The band shot through the first song bursting out: “Every dog that lives it’s life on the chain, knows what it’s like waiting for nothing…and by the way you look fantastic in your boots of Chinese plastic” at the end of the song and sending the crowd into an uproar. The dog on the chain analogy is a good way to describe how the band felt last night. As if they were just about to snap of the chain and rip us to shreds. They rocked and they rocked hard.

Without pause they went into another song on the album: “Don’t Cut Your Hair” a quirky song that has Hynde showing off her bravado and strut through the lyrics of : “Don’t Cut it, Don’t Chop it, It’s like a bomb if you got it don’t drop it yeah! If you got a man go ahead and flaunt it, any guys lying if he says he doesn’t want it.”

The band proceeded to go into a classic “Talk of Town” nicely assimilated with the pedal steel. Today it still has that dreamy effect it had on many years ago in 1981. Some more classics and new songs followed including “Message of Love”, “Loves a Mystery” and “Back on the Chain Gang”; but, the show really came alive when the band went into a Robert Kidney original: “Rosalee”. Here’s where James Walbourne gives fans their first reason not to worry about his being in the band. Hynde’s outstanding voice tears Rosalee through a series of emotions while Wilkinson, and Chambers, give a rhythm section to die for; but, Walbourne rips a solo that is nothing short of phenomenal and reminiscent of Jeff Beck. The songs groovy stop-and-go feel makes it almost unpredictable and seemingly an adventure on it’s on. The Price of admission to the show was paid in full WITH collateral by the band; by, the end of “Rosalee”. the band rocked through some old Favorites; giving not only a new breath of life to them; but, seemingly doping them up on speed. “Day After Day” is not as I remember it on Pretenders II; it knocked me over and spun me around with that memorable guitar line ; drum progression and the unforgettable lyrics (Way up in the sky, over the city, where you sleep tonight, the lights outside your window blink ‘hotel, hotel, hotel, open the blind and dream in a moonbeam). “Brass in Pocket” came and went with much joy; (Hynde even letting me deliver the “Special” back-up line each time). The first part of the show ended with the title track “Break Up The Concrete” a fun Bo Diddly like song which insist we should “Shake it, break it, earthquake it…Break up the Concrete”.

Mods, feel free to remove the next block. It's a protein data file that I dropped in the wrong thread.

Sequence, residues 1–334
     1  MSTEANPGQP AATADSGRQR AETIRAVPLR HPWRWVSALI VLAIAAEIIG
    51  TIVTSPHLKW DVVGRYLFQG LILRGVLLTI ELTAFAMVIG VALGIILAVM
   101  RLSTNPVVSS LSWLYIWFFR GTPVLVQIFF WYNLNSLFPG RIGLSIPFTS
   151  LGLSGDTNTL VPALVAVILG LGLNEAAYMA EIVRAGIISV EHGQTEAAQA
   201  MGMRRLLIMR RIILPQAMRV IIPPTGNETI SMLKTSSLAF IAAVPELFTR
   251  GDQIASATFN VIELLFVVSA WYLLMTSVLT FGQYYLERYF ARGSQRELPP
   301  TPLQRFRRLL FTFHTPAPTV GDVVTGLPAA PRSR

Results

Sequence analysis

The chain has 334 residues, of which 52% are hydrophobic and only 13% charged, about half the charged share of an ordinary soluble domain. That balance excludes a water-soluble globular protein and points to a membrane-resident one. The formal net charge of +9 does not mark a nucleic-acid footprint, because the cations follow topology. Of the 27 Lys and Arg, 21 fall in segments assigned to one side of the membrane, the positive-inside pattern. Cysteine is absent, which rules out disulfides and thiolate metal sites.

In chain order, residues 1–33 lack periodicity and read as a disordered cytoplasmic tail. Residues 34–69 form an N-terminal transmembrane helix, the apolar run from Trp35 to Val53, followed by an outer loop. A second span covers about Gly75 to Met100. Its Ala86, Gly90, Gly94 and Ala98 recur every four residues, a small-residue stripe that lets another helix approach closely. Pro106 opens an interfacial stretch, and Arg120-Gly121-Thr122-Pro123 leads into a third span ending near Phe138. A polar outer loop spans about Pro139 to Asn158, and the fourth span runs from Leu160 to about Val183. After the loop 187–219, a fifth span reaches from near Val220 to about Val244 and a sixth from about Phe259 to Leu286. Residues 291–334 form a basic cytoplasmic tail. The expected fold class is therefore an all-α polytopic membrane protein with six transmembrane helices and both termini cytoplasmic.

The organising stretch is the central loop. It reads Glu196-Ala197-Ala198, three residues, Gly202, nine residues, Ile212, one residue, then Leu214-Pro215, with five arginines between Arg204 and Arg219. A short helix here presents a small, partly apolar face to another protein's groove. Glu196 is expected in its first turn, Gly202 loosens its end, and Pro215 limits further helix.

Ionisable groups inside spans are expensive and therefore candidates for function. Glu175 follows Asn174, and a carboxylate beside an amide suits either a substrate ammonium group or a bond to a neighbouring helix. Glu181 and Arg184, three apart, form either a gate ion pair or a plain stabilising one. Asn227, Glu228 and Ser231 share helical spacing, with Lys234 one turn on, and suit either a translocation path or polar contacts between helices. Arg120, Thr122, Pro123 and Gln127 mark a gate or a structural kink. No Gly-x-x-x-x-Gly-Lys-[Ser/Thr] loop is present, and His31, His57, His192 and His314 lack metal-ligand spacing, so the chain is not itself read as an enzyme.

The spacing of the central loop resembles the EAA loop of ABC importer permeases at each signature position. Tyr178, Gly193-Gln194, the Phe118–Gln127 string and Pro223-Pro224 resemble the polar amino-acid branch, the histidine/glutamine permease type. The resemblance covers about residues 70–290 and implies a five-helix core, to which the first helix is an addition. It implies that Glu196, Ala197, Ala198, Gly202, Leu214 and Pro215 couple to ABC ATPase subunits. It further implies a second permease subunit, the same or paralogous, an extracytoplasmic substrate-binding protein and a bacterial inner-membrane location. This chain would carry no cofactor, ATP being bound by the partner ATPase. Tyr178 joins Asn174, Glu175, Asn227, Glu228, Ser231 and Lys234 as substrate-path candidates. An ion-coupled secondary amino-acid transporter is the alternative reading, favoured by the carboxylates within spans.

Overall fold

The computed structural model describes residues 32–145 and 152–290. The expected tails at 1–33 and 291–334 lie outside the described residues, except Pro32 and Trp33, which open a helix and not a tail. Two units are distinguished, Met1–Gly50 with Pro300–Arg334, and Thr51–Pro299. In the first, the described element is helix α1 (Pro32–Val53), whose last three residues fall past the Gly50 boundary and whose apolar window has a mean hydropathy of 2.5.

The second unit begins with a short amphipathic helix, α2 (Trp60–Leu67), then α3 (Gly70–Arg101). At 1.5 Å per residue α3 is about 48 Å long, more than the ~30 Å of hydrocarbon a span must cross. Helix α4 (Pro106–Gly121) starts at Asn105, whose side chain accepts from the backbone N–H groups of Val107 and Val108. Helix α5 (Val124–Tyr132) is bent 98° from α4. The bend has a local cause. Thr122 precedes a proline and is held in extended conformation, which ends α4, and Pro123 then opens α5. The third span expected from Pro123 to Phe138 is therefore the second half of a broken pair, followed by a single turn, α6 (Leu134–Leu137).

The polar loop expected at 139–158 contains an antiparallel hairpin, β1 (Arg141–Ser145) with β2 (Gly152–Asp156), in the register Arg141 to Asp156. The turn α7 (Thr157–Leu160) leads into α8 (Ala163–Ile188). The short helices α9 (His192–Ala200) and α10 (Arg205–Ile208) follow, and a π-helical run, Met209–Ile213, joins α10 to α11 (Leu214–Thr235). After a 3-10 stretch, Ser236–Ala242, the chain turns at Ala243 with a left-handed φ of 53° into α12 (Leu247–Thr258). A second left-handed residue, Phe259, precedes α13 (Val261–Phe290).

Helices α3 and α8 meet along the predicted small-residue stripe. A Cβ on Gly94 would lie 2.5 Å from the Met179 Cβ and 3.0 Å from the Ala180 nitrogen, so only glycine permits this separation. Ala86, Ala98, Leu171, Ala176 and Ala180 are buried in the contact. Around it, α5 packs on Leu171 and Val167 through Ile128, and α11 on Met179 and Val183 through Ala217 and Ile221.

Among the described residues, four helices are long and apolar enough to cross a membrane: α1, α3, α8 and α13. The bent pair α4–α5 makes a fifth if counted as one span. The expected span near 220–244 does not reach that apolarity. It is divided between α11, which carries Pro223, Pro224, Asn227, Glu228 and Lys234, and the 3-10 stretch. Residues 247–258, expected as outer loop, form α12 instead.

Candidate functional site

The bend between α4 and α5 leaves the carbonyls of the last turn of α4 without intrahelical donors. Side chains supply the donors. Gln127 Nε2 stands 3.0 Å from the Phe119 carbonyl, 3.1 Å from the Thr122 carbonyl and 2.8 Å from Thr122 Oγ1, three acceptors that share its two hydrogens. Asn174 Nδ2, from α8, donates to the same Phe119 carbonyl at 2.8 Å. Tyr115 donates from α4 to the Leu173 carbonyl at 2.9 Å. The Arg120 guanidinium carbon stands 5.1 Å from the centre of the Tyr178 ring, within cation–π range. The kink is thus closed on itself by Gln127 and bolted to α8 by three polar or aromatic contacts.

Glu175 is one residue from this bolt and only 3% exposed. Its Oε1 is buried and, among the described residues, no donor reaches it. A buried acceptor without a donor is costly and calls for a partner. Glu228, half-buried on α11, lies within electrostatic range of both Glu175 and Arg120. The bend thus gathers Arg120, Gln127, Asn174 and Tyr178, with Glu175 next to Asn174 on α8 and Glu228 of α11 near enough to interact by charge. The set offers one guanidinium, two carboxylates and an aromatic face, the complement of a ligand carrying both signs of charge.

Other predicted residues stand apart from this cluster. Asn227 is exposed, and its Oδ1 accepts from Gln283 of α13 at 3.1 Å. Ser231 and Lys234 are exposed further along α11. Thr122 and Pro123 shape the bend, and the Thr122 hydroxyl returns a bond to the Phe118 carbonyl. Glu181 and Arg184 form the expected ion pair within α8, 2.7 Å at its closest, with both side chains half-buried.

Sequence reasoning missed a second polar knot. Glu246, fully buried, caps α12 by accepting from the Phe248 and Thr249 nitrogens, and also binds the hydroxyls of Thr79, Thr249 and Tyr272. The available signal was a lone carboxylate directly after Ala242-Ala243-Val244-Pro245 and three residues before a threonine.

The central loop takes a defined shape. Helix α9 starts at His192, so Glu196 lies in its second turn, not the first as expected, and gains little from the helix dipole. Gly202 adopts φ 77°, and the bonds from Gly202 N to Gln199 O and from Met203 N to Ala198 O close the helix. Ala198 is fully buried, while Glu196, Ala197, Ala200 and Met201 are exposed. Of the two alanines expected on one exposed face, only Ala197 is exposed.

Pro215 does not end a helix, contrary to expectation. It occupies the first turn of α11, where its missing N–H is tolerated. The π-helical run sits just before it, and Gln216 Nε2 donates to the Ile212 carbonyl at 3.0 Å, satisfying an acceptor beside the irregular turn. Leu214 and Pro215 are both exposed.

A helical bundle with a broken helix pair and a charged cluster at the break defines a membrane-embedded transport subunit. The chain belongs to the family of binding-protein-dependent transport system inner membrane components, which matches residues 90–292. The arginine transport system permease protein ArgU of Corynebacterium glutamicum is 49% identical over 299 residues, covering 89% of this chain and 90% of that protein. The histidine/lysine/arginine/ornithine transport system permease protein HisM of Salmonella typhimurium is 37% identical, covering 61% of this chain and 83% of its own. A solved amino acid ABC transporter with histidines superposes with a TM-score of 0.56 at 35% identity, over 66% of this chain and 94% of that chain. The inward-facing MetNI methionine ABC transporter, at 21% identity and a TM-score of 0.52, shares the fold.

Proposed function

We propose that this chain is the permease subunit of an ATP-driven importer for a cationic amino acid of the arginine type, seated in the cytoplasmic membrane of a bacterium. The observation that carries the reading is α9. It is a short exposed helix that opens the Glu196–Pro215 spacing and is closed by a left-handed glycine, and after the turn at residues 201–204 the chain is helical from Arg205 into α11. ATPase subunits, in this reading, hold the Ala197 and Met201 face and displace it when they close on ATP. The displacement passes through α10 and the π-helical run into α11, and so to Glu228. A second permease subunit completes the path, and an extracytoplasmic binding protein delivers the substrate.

The band quickly came back out for an encore that was essentially to die for. They delivered “Kid” from the first album, wonderfully; but, everyone who was at the show knows that this next song stole the show. “Thumbelina” from the album Learning to Crawl takes on a whole new idea when it’s played by the new band. James Walbourne DESTROYS the song with a great display skill, talent and reckless abandon. Hynde coos “Hush little baby, go to sleep, look out the window and count the sheep, that dot the hillsides in the fields of wheat, across America, as we cross Amer-RI-Ca. what’s important here today:the broken line on the highway!” while James Walbourne delivers a long, blistering solo that tore down the walls of the Ballroom. Anyone who didn’t feel “Thumbelina” might have the same effect as a nuclear bomb is without a pulse. I can’t stress this enough go see this band if ONLY for this song. That wasn’t the end though; with the Highline still electric and suffering from aftershocks of “Thumbelina” Hynde began to speak: “You know there’s been a sudden re-interest in punk rock…not that we give a fuck” and blasted into “The Wait.”. There aren’t really words to describe what happened during “The Wait”; but, if there’s a truth to the expression “Musical Orgasm” then the droves of people smoking afterwords had good reason.

The Pretenders are back and clearly without flaw. Martin Chambers after the show offered some insight to an actual tour. “Late January…I can’t wait”

And Neither can we.